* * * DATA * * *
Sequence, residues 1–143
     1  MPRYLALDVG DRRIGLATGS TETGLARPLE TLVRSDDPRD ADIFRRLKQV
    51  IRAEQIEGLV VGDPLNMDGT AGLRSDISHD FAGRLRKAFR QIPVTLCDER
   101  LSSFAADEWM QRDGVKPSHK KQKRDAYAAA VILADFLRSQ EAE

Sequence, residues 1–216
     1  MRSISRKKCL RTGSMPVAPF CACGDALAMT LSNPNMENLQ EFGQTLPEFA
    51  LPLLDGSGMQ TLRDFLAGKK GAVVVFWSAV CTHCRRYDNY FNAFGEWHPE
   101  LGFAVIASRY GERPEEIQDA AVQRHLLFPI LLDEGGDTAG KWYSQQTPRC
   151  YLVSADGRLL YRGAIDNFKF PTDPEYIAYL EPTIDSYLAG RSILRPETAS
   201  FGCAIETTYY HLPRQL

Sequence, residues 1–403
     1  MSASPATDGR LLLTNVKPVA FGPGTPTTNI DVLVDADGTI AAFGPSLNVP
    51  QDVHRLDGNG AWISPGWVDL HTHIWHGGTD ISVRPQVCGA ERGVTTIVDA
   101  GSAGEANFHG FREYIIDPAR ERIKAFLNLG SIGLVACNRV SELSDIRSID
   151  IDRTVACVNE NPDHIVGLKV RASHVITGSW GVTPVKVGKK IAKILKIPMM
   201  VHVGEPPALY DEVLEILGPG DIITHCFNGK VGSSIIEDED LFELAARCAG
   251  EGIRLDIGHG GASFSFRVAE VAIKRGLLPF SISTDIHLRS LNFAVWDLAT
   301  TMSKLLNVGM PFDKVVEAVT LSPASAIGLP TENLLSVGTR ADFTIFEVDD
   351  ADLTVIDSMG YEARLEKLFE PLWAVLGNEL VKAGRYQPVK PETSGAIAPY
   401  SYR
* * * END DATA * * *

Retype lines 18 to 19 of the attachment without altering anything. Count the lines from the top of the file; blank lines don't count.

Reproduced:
   301  TMSKLLNVGM PFDKVVEAVT LSPASAIGLP TENLLSVGTR ADFTIFEVDD
   351  ADLTVIDSMG YEARLEKLFE PLWAVLGNEL VKAGRYQPVK PETSGAIAPY